• The Sales ABC has changed from  BEING Always Be Closing –> Attunement Buoyancy Clarity
  • An interesting way of examining depression and Anxiety:
    • Depression = Stuck in the Past
    • Anxiety = Stuck in the future
  • There is a golden ratio of positive to negative moments throughout a day, which tips the scale of  a person’s “general mood” from negative to positive – minimum ratio of 3 positive : 1 negative (any lower ration and you’ll be predominately feeling negativel) to a maximum of 11:1 (anything greater and you’re looking at being delusional)
  • Three things which sales should DO –> Pitch, Improvise and Serve


Very insightful and practical book. Case studies/exercises were really helpful. Worth reading, especially those who think ‘used car salesman’ when thinking about sales.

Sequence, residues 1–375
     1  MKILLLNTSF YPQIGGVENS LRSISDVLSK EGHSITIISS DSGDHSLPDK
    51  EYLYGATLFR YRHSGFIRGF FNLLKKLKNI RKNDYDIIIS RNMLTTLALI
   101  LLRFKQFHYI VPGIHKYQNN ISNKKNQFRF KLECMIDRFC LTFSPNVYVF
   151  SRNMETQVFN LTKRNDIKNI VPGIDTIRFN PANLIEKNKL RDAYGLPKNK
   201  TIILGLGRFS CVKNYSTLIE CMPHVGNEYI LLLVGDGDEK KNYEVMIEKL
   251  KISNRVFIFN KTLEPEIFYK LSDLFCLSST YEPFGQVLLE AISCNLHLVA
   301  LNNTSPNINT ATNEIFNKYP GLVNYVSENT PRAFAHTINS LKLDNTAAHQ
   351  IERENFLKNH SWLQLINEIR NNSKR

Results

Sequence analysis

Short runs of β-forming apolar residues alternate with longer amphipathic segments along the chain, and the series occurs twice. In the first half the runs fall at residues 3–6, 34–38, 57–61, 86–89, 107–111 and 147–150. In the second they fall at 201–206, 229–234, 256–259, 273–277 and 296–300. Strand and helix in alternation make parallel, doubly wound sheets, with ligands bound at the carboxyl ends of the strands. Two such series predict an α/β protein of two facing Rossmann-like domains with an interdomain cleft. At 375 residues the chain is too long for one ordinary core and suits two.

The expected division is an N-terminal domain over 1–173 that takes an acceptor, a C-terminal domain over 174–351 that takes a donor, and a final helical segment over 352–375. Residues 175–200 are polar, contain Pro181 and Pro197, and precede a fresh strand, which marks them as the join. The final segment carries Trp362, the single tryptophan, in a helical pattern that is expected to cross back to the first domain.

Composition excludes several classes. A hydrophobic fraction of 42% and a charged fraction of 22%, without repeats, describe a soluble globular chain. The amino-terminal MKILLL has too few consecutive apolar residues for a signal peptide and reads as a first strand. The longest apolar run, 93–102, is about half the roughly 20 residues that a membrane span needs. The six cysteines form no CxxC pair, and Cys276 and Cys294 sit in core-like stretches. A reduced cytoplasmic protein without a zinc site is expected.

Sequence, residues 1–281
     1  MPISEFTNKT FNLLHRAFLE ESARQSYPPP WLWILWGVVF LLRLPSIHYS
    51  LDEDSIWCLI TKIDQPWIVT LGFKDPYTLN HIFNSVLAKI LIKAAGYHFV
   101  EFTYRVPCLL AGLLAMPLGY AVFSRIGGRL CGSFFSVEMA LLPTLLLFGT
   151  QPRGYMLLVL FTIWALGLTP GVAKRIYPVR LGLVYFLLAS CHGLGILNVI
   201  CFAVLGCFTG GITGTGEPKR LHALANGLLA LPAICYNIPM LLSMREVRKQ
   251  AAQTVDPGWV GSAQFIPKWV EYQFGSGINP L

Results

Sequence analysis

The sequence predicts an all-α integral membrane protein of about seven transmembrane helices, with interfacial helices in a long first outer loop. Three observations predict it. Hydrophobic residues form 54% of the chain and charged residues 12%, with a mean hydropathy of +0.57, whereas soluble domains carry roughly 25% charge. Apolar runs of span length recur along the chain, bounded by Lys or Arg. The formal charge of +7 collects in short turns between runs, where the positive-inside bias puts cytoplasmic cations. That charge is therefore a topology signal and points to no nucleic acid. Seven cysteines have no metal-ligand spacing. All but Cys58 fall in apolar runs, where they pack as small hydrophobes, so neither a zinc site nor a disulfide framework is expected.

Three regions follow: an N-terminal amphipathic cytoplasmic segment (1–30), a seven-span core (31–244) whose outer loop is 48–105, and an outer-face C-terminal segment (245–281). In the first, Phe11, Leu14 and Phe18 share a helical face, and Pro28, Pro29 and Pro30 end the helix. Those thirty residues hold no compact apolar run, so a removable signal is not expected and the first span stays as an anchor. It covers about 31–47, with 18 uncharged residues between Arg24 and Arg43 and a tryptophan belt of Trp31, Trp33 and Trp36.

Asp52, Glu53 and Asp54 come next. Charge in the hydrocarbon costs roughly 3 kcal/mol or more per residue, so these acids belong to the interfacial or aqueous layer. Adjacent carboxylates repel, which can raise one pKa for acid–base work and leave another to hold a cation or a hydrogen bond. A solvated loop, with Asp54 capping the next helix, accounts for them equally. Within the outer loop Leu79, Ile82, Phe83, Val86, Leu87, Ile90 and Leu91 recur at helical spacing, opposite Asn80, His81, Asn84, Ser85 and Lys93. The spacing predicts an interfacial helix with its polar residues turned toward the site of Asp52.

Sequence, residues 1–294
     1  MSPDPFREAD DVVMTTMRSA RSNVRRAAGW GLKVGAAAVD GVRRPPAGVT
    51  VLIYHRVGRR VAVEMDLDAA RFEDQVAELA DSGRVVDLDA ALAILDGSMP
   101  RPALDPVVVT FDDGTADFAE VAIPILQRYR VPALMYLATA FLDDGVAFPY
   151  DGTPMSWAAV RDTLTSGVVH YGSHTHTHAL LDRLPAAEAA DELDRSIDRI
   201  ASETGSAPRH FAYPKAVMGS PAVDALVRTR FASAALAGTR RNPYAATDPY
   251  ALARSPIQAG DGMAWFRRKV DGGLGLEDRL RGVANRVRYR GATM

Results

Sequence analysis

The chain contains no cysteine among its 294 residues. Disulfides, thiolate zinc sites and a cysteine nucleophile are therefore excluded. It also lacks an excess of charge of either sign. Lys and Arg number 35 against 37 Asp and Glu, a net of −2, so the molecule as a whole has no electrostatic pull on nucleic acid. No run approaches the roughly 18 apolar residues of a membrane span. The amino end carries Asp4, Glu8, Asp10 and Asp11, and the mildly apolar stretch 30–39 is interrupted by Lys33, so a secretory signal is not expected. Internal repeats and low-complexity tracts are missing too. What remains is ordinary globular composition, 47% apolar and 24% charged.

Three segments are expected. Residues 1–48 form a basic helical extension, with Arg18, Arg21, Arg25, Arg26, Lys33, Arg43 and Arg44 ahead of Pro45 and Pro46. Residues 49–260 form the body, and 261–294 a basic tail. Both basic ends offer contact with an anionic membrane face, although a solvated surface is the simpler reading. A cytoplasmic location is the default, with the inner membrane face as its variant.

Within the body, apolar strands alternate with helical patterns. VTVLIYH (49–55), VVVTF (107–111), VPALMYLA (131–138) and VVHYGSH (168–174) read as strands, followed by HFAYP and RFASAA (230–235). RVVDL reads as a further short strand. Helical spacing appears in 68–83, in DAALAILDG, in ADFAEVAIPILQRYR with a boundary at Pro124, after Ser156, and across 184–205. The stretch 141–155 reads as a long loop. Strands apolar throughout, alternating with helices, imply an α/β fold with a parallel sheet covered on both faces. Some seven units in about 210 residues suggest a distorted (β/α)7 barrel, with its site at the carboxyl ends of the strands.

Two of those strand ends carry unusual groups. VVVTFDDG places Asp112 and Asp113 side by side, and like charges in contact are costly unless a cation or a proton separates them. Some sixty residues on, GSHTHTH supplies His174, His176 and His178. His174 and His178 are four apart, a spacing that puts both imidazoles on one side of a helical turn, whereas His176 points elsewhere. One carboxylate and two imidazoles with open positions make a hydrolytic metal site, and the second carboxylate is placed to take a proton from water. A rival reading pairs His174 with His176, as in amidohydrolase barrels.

Current reading list:

#Book TitleAuthorStatus
1To Sell is Human: The Surprising Truth About Persuading, Convincing, and Influencing OthersDaniel H. PinkCompleted
2The Inevitable: Understanding the 12 Technological Forces That Will Shape Our FutureKevin KellyStarted
3Thinking, Fast and SlowDaniel KahnemanNot Started
4Tools of Titans: The Tactics, Routines, and Habits of Billionaires, Icons, and World-Class PerformersTimonthy FerrissNot Started
5What If?: Serious Scientific Answers to Absurd Hypothetical QuestionsRandall MunroeNot Started
6Homo Deus: A Brief History of TomorrowYuval Noah HarariNot Started
7Diffusion of InnovationsEverett M. RogersNot Started
8The Goal: A Process of Ongoing ImprovementEliyahu M GoldrattNot Started
9Flip the ScriptBill WackermannNot Started
10A Theory of Fun for Game DesignRaph KosterNot Started
11The 4 Hour Work WeekTimonthy FerrissNot Started
12The Lean StartupEric RiesNot Started

Goal tracking

Here’s my spreadsheet for those interested in my progress so far – link

An unconventional way to motivate myself – My 4 Goals for 2017

Just quickly goals need to be SMART:

  • S – Specific
  • M – Measurable